Paddle’s personality assessment provides a decent snapshot of what motivates you as a worker — in my experience, at least, the basic assessment was accurate. But that information is not necessarily helpful in a material way. An aptitude test designed for a fundamentally flawed job market exudes a sort of insidious conservatism that claims to give you the tools to improve your material conditions, while in truth it may do little more than cheer you on inconsequentially. After completing the career assessment, which determined that I am an artistic, “model citizen” archetype, I was presented with a number of entry-level corporate jobs, none of which I had the qualifications for. By the time I was halfway down the page, Paddle’s algorithm had begun suggesting I apply for a fast food job in a suburban mall food court.

In an infamous ad earlier this year, the gig economy service Fiverr characterized the new reality of labor as: “You eat a coffee for lunch. You follow through on your follow through. Sleep deprivation is your drug of choice.” Although they were roundly criticized, the ads accurately described the realities of labor in the 21st century. “The near collapse of the world’s financial system in 2008 and 2009,” write Lovegrove and Thomas in a 2016 paper, “is a profound example of a system designed, operated, and nearly destroyed by the provision of almost unfettered authority to deep specialists.” They encourage workers to diversify their skills and be flexible and open to careers in various fields. But job seekers’ powers are limited: “Institutions across sectors have a large role to play in enabling this ecosystem of frictionless participation — in particular by valuing leaders with non-linear profiles and the six distinguishing traits appropriately.”

A test encouraging you to construct an idea of who you are and what you value might be less useful at matching you with the right gig than establishing an identity throughline

Many of their subjects are field leaders who happen to have taken the path of less specialization, but these examples are less useful for explaining why so many talented people ultimately struggle at the hands of a market that still values specialization in a very real way. I know few unemployed people whose main problem is that they are too qualified in a specific field, and far more who struggle to find entry-level jobs that they are remotely qualified for. Arguing that skill diversity and breadth is good for employees in a vacuum tends to ignore that the job market will happily exploit them. A test that encourages you to construct an idea of who you are and what you value might, in effect, be less useful at matching you with the right gig than establishing an identity throughline that could string you through the choppy career path ahead: Discover who you are at a soul level, and a lifetime of gigging coheres into your story. This arguably preserves the idea of vocational guidance, but it doesn’t do much to nab you the job you want, much less a job. Aptitude tests, like any form of self-help, may invigorate job seekers; but when the problem lies with employers, they can do little else but proffer ideals.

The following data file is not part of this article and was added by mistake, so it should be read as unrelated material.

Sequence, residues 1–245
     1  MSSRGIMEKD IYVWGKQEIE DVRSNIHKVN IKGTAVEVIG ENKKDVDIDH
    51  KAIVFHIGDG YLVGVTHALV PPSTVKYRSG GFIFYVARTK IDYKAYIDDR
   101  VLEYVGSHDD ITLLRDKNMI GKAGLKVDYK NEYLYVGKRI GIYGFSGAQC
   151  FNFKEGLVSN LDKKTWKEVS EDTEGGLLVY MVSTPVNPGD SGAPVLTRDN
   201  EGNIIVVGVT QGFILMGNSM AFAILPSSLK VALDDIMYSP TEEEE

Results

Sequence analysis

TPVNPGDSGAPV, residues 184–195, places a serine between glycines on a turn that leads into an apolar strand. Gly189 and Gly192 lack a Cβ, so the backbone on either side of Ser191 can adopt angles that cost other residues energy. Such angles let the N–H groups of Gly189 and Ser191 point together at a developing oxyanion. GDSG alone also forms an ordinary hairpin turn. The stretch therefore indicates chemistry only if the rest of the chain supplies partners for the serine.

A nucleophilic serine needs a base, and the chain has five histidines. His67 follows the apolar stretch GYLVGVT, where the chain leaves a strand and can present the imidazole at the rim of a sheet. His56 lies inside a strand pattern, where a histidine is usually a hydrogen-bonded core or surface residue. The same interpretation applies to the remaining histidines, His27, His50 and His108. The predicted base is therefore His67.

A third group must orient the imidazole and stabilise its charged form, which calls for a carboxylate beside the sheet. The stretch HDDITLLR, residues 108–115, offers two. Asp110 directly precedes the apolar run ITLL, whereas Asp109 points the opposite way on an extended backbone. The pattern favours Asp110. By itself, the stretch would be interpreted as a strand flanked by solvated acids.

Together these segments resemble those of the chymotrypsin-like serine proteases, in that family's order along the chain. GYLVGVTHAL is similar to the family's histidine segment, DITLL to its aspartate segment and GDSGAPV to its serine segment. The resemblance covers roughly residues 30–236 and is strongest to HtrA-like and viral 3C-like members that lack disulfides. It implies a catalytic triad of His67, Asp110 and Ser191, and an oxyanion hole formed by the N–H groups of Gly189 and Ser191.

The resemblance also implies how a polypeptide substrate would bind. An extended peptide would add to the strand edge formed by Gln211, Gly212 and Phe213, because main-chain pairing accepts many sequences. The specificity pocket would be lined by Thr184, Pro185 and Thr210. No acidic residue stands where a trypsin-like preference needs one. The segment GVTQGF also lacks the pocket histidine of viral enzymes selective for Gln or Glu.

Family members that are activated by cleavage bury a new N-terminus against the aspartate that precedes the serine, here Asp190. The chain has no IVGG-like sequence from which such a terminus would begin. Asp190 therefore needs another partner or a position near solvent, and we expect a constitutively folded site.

The underlying problem here is not with Paddle specifically. Perhaps it lies with a startup economy that believes, with stubborn hubris, that the nonlinear gig economy is fine so long as there are algorithms to help us navigate it — that material problems can be solved without fundamentally changing material conditions. This is something working people are told regularly. Drive for Uber in your spare time for extra cash. Rent your room out on Airbnb when you aren’t there. (As one New Yorker article found, young people in New York were renting out their entire condos full-time, living on couches and in rooming houses.) Work on your own schedule, matching your supply with demand. A labor market crisis is rebranded as something desirable; what isn’t apparent is that these hip, modern styles of work are only made possible by the fact that companies are permitted to sail through loopholes left in laws that are at least nominally meant to protect the working class. Paddle didn’t create this mess, of course; but it doesn’t provide the tools to resist it. Instead, it takes the economy envisioned by startup culture, and validates it by teaching you how to navigate.

My mother is fond of reminding me that I wanted to be a marine biologist when I grew up. This childhood ambition was rooted in my love for dolphins, particularly a stuffed one named Squirt. The ambition disappeared fairly early in my teenage years, when reading books took over as my main marketable skill, but she clings to it still. The occupations you imagine for yourself or your children are important — what do you want to be when you grow up? — and the career aptitude test has always been about shaping this vision. Many, if not most of us were raised to think of occupation as an extension of our selves; it’s a cliché that millennials think of work differently than previous generations did, valuing happiness and fulfillment over pure financial motivations. The thought of doing a job that steeps you in slow, blunting misery seems less popular now than ever, and many of us were told that what we wanted to do for work was actually a matter of who we wanted to be. The aptitude test is a way of shaping that vision, but it’s unclear whether this exercise does much to help workers, especially new workers and those who became unemployed after the floor fell out of the job market.

The idea that a career should follow from, and validate, one’s personality, is agreeable, but it is of course a bourgeois conception of work: Never having to sacrifice any part of yourself for a job, never having to look down the road and determine what changes you might need to make to put food on the table, is something that extends from material security. Denying who you might have to be in favor of who you are is a form of navel-gazing career planning that is rarely afforded to the working class. At a time when working people need meaningful ways to find and keep jobs, helping job seekers find meaning in a labor market that saps them of agency is at best only marginally helpful. At worst, it tries to dress up low-value employment as a choice.

Kieran Delamont is a reporter for Metro News in Ottawa, and has written about cities, technology, and culture for the Guardian, Vice News, CityLab, and Spacing, among others. He runs, watches too much TV, and eats ramen far too frequently.